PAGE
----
Restoration of Black Autonomy and Joy in Perinatal Nursing Leadership

There is an important intersection between Black women and birthing people, Black perinatal nursing leaders, and maternal health.

Posted under: Maternal Health, Quality of Care, Social Determinants of Health/Disparities

Six years ago, the Black Mamas Matter Alliance launched Black Maternal Health Week, a week each April that would highlight and amplify the unacceptable and sustained increase in Black maternal deaths . Within the global COVID-19 pandemic, the outcome disparities within Black and Brown maternal health communities continued to grow and were impacted at greater rates. On April 13, 2022, Vice President Kamala Harris convened Cabinet secretaries to address the ongoing maternal morbidity and mortality crisis in the United States. The President’s FY23 budget included $470 million to address additional maternal disparities projects, including supporting the perinatal health workforce.

The perinatal health workforce has become an important discussion point, as the need for community health workers, doulas, and other Black maternal health advocates center conversations about the needs of Black mothers and parents. While there is a significant need for a community health focus, inpatient obstetric care requires intentional focus and strong leadership. As reported by the CDC and MMRIA report, 13% of maternal deaths occur on the day of delivery. Inpatient obstetric teams require experienced nursing leadership to support the infrastructure and care delivery required to provide high quality, respectful, and culturally competent care. Open nursing leadership positions within Women’s and Children’s service lines that were once rarely available or open now sit vacant for weeks, and in some cases, months. An area of healthcare leadership that is not often studied is that of frontline perinatal nursing leaders.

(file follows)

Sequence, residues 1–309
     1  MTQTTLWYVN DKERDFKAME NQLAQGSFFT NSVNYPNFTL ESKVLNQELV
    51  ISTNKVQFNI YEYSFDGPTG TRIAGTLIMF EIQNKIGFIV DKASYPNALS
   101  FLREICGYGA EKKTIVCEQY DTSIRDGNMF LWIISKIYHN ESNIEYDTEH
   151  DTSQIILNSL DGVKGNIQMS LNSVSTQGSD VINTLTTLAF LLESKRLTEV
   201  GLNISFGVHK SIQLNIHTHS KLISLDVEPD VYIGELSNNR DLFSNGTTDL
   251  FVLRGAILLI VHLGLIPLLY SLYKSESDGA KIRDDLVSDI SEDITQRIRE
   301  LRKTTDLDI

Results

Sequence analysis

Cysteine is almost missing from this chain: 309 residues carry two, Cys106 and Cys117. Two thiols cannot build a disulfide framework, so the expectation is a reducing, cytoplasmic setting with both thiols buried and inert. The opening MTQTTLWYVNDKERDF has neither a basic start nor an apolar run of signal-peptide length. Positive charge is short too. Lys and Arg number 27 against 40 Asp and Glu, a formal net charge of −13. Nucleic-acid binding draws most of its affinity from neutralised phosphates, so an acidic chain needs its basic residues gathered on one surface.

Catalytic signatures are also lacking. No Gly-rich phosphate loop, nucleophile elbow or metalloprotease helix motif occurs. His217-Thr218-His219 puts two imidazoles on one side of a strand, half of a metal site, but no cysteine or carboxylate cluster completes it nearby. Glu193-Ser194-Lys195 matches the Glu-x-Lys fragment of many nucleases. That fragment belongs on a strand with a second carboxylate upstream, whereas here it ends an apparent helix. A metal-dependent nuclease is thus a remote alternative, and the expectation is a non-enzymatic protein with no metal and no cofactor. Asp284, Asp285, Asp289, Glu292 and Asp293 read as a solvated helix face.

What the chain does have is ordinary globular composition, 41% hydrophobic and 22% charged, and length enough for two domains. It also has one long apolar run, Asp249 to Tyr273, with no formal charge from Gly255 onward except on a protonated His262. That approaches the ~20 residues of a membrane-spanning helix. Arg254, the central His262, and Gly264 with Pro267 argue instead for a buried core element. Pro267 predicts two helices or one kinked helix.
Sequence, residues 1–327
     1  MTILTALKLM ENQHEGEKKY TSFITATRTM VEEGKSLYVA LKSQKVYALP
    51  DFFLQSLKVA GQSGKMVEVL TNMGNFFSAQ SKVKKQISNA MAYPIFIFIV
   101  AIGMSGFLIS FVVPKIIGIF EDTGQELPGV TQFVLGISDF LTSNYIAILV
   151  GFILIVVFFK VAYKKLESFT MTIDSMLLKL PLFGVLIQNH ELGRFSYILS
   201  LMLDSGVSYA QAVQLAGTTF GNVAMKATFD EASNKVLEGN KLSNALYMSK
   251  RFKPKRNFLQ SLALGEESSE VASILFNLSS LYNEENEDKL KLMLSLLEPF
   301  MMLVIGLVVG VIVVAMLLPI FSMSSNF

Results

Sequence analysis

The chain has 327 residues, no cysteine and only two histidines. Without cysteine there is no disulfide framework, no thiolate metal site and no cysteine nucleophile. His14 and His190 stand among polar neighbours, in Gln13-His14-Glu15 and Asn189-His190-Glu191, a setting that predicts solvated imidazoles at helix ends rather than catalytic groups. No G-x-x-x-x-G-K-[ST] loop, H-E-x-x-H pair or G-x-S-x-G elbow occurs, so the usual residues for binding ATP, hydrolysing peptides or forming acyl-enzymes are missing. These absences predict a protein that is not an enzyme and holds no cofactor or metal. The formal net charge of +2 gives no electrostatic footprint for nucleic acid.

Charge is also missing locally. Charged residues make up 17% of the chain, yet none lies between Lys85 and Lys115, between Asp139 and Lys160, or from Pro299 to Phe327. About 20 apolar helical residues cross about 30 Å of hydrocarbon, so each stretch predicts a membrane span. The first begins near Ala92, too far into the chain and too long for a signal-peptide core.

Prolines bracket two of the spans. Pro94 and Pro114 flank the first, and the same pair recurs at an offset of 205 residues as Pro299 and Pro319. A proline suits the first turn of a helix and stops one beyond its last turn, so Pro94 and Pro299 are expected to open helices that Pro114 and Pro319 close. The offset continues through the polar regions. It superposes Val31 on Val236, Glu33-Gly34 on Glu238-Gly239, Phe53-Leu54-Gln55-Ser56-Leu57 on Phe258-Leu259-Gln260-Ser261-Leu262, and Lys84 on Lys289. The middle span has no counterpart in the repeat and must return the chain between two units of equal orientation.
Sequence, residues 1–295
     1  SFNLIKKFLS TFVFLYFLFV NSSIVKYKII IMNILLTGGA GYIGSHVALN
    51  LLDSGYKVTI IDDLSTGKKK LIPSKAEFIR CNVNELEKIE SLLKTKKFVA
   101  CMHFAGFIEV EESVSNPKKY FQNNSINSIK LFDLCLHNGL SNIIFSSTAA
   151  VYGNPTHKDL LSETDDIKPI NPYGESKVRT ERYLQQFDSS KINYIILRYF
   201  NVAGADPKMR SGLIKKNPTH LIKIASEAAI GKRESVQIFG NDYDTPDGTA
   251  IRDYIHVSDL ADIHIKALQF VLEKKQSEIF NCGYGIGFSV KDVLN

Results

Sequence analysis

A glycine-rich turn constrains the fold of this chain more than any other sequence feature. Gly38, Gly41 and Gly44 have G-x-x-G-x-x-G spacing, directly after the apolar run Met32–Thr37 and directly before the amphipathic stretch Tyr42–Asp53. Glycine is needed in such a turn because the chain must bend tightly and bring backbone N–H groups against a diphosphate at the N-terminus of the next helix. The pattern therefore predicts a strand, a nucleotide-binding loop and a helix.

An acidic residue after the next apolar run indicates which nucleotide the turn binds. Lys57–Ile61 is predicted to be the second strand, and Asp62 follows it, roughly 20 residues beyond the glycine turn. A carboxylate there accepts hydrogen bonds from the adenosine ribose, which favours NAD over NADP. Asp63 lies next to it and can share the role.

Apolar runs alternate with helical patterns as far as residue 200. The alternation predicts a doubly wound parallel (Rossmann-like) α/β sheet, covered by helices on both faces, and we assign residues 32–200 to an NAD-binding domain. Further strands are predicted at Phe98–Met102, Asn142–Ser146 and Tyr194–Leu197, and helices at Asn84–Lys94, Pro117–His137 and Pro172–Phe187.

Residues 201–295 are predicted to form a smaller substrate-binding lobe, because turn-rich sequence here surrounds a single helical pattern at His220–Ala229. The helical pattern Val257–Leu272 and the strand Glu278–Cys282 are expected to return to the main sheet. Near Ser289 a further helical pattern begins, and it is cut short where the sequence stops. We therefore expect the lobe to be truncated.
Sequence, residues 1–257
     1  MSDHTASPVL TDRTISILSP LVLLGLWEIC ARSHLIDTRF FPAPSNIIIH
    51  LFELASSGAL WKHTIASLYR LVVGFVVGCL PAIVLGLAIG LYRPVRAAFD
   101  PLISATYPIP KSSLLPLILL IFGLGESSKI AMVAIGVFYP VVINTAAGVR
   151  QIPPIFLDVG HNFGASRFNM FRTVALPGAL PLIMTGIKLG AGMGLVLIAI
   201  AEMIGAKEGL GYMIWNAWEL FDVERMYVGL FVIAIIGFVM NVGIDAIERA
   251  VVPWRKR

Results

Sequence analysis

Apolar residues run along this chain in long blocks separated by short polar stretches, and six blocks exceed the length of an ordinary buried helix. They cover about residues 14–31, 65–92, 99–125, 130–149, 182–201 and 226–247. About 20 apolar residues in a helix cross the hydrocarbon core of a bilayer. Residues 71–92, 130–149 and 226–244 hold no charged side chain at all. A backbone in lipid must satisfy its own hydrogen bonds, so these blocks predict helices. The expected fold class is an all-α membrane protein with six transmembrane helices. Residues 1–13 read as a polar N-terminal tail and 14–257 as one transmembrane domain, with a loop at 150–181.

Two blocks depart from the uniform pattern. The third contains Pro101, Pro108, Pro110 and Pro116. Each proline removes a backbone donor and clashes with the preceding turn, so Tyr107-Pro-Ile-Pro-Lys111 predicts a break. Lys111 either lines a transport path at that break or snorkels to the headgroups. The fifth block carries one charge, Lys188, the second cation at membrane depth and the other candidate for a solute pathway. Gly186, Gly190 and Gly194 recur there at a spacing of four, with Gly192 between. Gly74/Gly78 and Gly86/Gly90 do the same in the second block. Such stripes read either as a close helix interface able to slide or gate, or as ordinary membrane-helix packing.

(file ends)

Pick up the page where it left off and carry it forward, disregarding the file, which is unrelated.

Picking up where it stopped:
So how does this connect to Black Maternal Health Week? There is an important intersection between Black women and birthing people, Black perinatal nursing leaders, and maternal health.

Weeks ago, Synova Associates and the National Perinatal Information Center launched a white paper that reported on the effects of chronic stress on perinatal nursing leaders (Supporting Perinatal and Neonatal Nurse Leaders: Identification and Moderation of Chronic Stress, IRB #1321780). These nursing leaders represented inpatient settings throughout the United States such as neonatal intensive care (NICU), labor and delivery, postpartum, well-baby nurseries, lactation services, antepartum, and those nursing leaders who are responsible for multiple units. The findings of this study revealed significant racial disparities in many areas, including turnover intent (p < .001), job control (p < .001) and organizational constraints (p < .001).

Based on the results of this study, the following recommendations are suggested for hospital leadership to address: